Alzheimer's and Parkinson's Disease Gene Discovered -
PLA2G6 Leads to
Neuroaxonal Dystrophies Iron Build-up in Brain
June 19th 2006
Oregon scientists believe they have found the gene that can trigger
several genetic disorders called neuroaxonal dystrophies, which can lead
to Parkinson’s and Alzheimer’s diseases. The disorder is a rare
progressive childhood conditions that causes an abnormal buildup of iron
in the brain.
According to Susan J. Hayflick MD, “If you're a family with a kid with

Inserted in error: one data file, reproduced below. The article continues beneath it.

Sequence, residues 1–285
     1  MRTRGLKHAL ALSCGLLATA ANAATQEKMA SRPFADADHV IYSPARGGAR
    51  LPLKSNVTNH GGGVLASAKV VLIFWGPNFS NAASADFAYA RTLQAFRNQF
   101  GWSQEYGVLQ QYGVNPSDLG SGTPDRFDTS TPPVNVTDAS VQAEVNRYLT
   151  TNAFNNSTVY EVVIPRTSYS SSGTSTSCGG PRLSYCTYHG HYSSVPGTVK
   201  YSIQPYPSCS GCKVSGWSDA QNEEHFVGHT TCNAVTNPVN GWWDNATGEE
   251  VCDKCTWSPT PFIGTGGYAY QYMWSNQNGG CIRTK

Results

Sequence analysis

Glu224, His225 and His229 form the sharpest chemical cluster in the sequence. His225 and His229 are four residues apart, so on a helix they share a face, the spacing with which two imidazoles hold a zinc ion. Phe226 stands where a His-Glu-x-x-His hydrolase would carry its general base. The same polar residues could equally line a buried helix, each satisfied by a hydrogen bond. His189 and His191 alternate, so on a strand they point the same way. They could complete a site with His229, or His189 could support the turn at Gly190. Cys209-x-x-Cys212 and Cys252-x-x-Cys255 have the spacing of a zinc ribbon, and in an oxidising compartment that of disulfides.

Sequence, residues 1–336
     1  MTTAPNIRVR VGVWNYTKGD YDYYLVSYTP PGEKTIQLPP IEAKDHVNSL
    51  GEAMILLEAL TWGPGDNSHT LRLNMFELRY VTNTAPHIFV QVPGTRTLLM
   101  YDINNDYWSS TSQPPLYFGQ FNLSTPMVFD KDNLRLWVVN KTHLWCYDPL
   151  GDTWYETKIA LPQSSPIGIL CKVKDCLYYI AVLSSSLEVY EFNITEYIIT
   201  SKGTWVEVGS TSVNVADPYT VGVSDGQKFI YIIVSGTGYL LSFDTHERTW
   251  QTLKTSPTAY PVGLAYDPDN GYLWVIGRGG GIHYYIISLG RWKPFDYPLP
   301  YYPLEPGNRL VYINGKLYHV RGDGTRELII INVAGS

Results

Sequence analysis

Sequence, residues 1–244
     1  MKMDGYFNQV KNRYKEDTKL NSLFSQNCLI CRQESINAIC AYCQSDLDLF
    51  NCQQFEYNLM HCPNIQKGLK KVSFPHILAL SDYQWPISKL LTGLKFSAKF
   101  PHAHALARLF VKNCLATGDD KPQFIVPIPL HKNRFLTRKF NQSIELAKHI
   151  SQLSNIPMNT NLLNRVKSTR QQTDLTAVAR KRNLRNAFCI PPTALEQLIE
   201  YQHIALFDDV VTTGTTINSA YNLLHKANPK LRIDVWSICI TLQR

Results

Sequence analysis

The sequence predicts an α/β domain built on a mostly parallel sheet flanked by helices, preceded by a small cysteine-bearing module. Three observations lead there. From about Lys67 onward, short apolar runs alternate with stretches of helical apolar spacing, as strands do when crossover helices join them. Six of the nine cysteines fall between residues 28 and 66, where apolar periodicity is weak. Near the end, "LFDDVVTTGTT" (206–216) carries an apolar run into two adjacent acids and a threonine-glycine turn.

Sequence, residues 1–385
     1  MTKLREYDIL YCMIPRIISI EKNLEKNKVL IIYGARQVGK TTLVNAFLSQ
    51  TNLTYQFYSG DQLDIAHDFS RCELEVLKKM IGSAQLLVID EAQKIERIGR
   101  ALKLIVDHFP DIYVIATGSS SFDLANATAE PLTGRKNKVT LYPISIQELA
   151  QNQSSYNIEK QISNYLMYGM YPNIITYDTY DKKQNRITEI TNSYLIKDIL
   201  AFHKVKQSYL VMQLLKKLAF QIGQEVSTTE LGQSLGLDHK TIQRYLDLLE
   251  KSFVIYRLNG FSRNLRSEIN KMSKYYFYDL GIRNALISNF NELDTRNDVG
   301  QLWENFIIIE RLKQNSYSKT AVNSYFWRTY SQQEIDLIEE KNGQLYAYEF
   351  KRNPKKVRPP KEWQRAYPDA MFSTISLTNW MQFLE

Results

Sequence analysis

one of these diseases, the impact is clear, specific and personal."
Susan is a professor of molecular and medical genetics, pediatrics and
neurology in the OHSU School of Medicine.
There are some very serious disorders caused by the build-up of iron in
the basal ganglia, a cluster of gray-matter tissue structures deep in
the brain that control motor function. The iron accumulates, causing
swelling of the branch-like axons that transmit electrical impulses from
the nerve cell body to its terminal. This interrupts the signal sent to
other nerve cells nearby.